The first thing that a dialysis patient should not do is to drink too much water especially when his/her urine output is low or very low because this could cause edema (swelling) of the legs and other body parts. The worst that a dialysis patient can get from drinking too much water is pulmonary edema wherein water could enter the lung cavity resulting to difficulty in breathing and high blood pressure. If the situation becomes serious the lung could not anymore function properly and the last resort for the doctor is intubation (putting a tube in the trachea of the patient to facilitate breathing with the help of a manual/mechanical pump). Too much water volume of the blood strain the heart as it tries to pump the excess water and it could result to enlargement of the heart or heart failure. The question is how much water is too much? For dialysis patients with low or very low urine output they should drink not more than one liter per day or preferably less.
To avoid drinking too much water, the dialysis patient should try licking small ice stick to quench his/her thirst. Water molecules in ice have already expanded and less water is contained in a certain volume compared to its liquid state. The dialysis patients should also avoid eating watery fruits like water melon, mango, banana, avocado, pineapple, oranges and papaya. The water content in these fruits is high and could contribute to the increase in the water intake of the patient. Eating too much cooked rice also contain high amount of water. The dialysis patient should sip small amount of water from the glass or mug and he/she should avoid frequent drinking of coffee or soft drinks. The patient should avoid salty foods as salt could cause water retention and will aggravate edema. The patient should avoid sipping too much soup as this may contain too much salt and water. The dialysis patient should eat fruit with less water content like apple. The patient should regularly monitor his/her blood pressure as well as his/her blood sodium. Low blood sodium value result to low blood pressure and prone to painful cramps. High blood sodium value result to high blood pressure because of constriction of the blood vessels that could strain the heart resulting to either stroke, coma and death.
High Phosphorous Toxicity:
The second thing that a dialysis patient should watch for is Phosphorous. This mineral is found in almost all the foods that we eat and too much phosphorous in the body of the patient is dangerous because it is very toxic and could cause weakening of the bones or osteoporosis. Phosphorous may also deplete the amount of Calcium in the blood. Phosphorous binds with Calcium in the body that forms abrasive calcium phosphate crystals which finds its way in the skin causing it to itch and rupture with constant scratching. Cracks in the skin could be infected causing Cellulitis (painful infection of the skin and if left untreated it becomes life threatening as it may reach the bloodstream) which is treated with strong anti-biotics that could harm the liver. Always remember that it is the liver that replaces the function of the kidneys in breaking down and excreting harmful chemicals. Calcium phosphate crystals are also deposited between soft tissues and joints causing pain and weakness. Calcification of organs such as the heart leads to heart disease and eventual death of the patient. To control Phosphorous, the dialysis patient should take at most 1,500 mg of calcium carbonate per day depending on how high is your phosphorous level. These can be taken either before, during and after eating. Calcium binds with Phosphorous in eaten foods in the digestive tract and excreted together with the stool. The other effective Phosphate binder is Sevelamer which is expensive (P80-P100 per tablet). This acts as a sponge and absorb the phosphorous in food in the stomach and also excreted with the stool. This tablet can be taken either before, during and after meals; but not more than 30 minutes after eating. The patient should monitor his/her serum or blood Calcium and Phosphorous level. Too much Calcium in the blood causes kidney stones or harmful deposits in the heart and artery. The patient should also avoid foods rich in Phosphorous like dairy product, chocolate, beans and nuts. Red meats are also rich in Phosphorous.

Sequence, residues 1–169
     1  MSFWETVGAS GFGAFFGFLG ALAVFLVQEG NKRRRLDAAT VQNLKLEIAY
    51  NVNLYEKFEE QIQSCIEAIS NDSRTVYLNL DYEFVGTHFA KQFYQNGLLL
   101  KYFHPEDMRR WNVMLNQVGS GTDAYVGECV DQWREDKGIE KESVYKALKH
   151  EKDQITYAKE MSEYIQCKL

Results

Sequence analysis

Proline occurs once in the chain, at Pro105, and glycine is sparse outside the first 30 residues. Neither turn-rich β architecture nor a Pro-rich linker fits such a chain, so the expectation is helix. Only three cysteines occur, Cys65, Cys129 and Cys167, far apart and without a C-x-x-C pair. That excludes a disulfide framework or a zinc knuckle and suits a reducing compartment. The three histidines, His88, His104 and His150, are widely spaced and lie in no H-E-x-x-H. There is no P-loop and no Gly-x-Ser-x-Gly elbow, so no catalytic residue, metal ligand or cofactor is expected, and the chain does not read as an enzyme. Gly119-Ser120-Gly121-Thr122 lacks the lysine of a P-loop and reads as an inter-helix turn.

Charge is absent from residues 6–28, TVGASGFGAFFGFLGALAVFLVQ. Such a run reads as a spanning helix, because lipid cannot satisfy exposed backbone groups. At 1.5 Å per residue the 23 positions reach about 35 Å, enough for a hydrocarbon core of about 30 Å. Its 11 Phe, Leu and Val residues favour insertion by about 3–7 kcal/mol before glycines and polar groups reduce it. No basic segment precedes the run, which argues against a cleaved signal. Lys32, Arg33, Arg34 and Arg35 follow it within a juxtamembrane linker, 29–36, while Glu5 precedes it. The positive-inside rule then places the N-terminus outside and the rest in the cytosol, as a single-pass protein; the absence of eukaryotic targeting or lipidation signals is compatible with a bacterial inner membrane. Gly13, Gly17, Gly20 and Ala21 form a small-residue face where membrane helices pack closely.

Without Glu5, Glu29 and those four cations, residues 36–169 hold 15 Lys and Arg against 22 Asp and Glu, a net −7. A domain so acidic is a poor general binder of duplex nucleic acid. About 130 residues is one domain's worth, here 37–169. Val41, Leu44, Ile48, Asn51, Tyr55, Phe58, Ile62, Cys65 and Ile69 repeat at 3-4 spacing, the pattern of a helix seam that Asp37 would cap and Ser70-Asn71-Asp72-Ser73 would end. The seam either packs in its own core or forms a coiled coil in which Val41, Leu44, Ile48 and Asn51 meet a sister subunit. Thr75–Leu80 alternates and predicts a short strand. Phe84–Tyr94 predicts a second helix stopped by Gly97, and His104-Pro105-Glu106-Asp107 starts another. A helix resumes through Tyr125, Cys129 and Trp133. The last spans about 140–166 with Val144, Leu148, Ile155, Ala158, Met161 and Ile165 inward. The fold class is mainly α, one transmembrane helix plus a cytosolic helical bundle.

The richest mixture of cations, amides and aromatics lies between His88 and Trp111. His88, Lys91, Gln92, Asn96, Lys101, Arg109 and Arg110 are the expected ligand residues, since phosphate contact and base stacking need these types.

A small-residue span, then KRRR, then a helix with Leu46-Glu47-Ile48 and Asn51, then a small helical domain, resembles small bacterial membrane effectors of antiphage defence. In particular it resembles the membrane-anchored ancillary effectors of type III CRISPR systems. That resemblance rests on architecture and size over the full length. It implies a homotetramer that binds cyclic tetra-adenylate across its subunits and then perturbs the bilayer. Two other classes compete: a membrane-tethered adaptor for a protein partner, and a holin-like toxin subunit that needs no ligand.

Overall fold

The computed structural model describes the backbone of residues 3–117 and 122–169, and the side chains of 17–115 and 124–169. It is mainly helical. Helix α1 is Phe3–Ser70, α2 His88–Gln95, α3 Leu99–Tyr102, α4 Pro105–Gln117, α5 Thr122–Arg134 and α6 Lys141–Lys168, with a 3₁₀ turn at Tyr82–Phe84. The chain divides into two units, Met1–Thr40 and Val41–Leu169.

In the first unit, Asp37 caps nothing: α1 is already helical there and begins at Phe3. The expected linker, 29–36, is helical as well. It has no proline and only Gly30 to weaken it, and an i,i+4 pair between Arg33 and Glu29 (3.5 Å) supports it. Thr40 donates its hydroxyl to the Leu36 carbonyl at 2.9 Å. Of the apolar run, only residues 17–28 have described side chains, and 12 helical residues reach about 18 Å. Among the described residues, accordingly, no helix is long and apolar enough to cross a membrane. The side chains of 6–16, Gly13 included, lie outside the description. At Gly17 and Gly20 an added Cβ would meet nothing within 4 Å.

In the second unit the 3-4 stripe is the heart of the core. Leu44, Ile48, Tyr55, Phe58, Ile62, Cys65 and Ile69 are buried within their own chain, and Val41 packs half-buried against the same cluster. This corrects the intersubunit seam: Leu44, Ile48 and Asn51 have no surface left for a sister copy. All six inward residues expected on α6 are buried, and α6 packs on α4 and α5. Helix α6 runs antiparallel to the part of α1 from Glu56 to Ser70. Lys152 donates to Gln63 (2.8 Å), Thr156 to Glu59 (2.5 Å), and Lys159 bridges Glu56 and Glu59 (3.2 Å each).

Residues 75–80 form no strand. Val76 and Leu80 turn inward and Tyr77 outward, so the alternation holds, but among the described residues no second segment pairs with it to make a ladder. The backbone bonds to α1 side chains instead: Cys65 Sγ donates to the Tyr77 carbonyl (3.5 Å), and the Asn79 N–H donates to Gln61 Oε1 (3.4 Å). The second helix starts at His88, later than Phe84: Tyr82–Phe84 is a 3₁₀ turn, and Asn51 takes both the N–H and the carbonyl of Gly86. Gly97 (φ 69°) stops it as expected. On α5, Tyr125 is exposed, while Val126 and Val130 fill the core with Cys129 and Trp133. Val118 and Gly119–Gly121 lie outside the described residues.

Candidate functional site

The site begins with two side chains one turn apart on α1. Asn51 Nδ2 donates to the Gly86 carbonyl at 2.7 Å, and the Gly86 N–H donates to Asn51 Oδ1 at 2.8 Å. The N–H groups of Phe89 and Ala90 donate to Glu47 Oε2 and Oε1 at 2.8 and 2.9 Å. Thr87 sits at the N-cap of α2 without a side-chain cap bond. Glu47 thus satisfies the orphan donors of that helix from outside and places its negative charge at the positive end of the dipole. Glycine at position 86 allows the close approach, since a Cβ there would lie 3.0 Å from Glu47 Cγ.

Hyper - Kalemia or High Serum Potassium:
The third important element that a dialysis patient should watch for is Potassium. Too much Potassium in the blood is also dangerous because it could stop the beating of the heart causing heart attack and possible death of the patient. Potassium Chloride is used in jail inmates with death sentence to execute and kill them. Overdose of Potassium is less painful compared to electric execution. Foods rich in Potassium are: banana, avocado, papaya, mango, pineapple, oranges, potato, tomato, squash and other green leafy vegetables. The dialysis patient could eat small amounts of these foods only but not on a regular basis as Potassium could accumulate in the blood before dialysis. Patients who suffered Myocardial Infarction or heart attack (injury of heart muscle due to lack of oxygen) have high Potassium level in the blood and should undergo regular dialysis. Foods rich in Potassium supplements such as catsup should also be avoided.
The dialysis patient should properly choose the fat he/she eats. Foods rich in cholesterol and uric acid should be avoided such as: fatty meats like pork, beef and chicken skin. Processed coconut oil and other vegetable oil are also rich in cholesterol. Cholesterol is deposited in the arteries and veins causing blockage which result to high blood pressure, stroke and heart attack. Fats that are allowed are corn oil, canola oil, and olive oil. They are rich in omega fatty acid which is good for the heart. As the usual practice, patients should consume only small amount of the cholesterol rich oils found in foods such as fried vegetables and fish but should avoid eating, potato fries, milk shakes and ice cream for they contain more harmful fats per serving. The patient should monitor on a regular basis his/her cholesterol level or triglycerides so he/she can take the proper medicine if the level is high.
Blood Uric Acid (BUA):